It’s not likely that the Los Angeles Dodgers will miss the offensive contributions of recently traded catcher A.J. Ellis. The loss of Ellis as a catcher, however, might have an impact on the game’s best pitcher, Clayton Kershaw.

Everyone understands that baseball is a business. When an aging player on a likely playoff team struggles (Ellis is slashing .194/.285/.252), he becomes expendable. While the players may understand the moves, that doesn’t necessarily mean that they won’t be impacted by them.

Kershaw and Ellis were both clearly impacted by Thursday’s trade.



On the field, it’s difficult to say what kind of impact this could have on Kershaw when he returns. Kershaw has never thrown to new Dodger Carlos Ruiz, but he has thrown to Yasmani Grandal, who’s been Los Angeles’ primary backstop in 2016.

With that, we can put a decent comparison together. At a glance, it doesn’t look like Kershaw suffers much throwing to Grandal vs. Ellis. In some areas, he’s actually done better.



Case closed. Kershaw will be just as effective with Grandal — or any catcher — than he was with Ellis, right?

That’s certainly a possibility. It would be foolish to expect the world’s best pitcher to all of a sudden fall off the map because Ellis is no longer in the picture. But his sample size with Ellis is significantly greater than it is with any other catcher.

Kershaw has thrown 829 innings to Ellis. The next highest man on that is Russell Martin, to whom he’s thrown 349 innings. The six men who have caught Kershaw the most after Ellis (including Grandal) have caught him for a total of 830 innings. Even if the numbers are strong, there’s just no way that Kershaw has developed the kind of rapport with any of them that he’s found with Ellis.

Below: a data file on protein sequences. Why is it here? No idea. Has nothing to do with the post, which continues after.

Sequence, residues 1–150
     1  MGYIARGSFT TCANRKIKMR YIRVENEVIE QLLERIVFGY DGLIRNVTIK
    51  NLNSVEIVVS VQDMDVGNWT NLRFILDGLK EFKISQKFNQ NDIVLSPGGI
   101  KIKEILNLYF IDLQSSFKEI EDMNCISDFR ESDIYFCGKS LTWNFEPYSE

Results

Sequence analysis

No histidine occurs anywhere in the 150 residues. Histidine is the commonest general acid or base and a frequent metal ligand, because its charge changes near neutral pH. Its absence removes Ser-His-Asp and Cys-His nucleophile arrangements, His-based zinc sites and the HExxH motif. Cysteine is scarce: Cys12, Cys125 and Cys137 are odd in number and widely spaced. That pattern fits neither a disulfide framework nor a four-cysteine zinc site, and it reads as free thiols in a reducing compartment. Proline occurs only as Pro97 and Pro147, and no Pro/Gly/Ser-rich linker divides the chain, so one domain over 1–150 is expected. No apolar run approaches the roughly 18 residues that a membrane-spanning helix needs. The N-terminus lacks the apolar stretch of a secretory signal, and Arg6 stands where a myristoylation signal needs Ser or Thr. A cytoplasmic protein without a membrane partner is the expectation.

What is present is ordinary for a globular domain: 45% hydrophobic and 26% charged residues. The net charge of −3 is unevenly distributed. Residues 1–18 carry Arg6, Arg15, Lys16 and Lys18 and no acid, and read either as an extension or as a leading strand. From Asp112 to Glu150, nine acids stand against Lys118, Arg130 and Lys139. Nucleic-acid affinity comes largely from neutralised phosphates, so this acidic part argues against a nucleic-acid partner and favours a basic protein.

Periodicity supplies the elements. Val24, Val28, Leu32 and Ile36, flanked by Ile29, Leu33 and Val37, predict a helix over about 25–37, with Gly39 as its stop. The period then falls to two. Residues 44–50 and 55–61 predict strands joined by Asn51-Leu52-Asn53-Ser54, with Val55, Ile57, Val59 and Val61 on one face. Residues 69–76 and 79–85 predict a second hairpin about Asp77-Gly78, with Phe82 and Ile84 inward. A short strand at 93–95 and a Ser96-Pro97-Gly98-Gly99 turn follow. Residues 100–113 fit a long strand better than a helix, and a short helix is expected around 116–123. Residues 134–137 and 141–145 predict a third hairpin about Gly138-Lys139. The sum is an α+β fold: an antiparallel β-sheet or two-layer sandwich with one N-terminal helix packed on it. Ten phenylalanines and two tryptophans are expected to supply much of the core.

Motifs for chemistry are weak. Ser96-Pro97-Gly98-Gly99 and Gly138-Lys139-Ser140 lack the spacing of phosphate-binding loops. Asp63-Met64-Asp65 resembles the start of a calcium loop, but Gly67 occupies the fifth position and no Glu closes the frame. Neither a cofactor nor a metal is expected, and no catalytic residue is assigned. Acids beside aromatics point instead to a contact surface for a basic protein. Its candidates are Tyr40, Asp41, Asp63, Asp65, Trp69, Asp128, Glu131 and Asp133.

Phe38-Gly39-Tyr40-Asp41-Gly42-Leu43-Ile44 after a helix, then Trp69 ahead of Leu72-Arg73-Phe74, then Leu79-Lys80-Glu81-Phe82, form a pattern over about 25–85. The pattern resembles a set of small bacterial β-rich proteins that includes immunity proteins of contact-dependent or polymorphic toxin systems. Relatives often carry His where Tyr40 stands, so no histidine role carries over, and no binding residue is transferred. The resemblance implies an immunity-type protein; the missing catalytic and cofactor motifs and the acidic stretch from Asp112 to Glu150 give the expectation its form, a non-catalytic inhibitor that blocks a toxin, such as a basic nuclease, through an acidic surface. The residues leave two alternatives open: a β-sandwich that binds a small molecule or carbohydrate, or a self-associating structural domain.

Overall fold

It’s certainly possible that none of this will matter. It’s not like Kershaw is going to lose 10 mph off of his fastball, or the sharp break on his curve.

Still, the reality is that baseball players are creatures of habit. Nobody exemplifies that more than a pitcher, and nobody is more important to a pitcher than his catcher.



A catcher needs to know where the pitcher wants to throw the ball. He needs to know what pitches his guy likes to throw in certain spots.

He needs to know when the pitcher needs encouragement and when he needs tough love. The guy who knows all of that better than anyone about Kershaw is no longer with the team.

Now, it would be ill advised to think that Kershaw’s game will fall of a cliff when he returns. As long as his stuff is still there, he’ll be a force. But it would be similarly ill advised to think that there won’t be something of an adjustment period. Pitchers, especially great ones, love their catchers.


Michael Dixon
Bay Area born and raised, I have extensive experience in both the print and online worlds. There are few things in this world I love doing more than talking sports.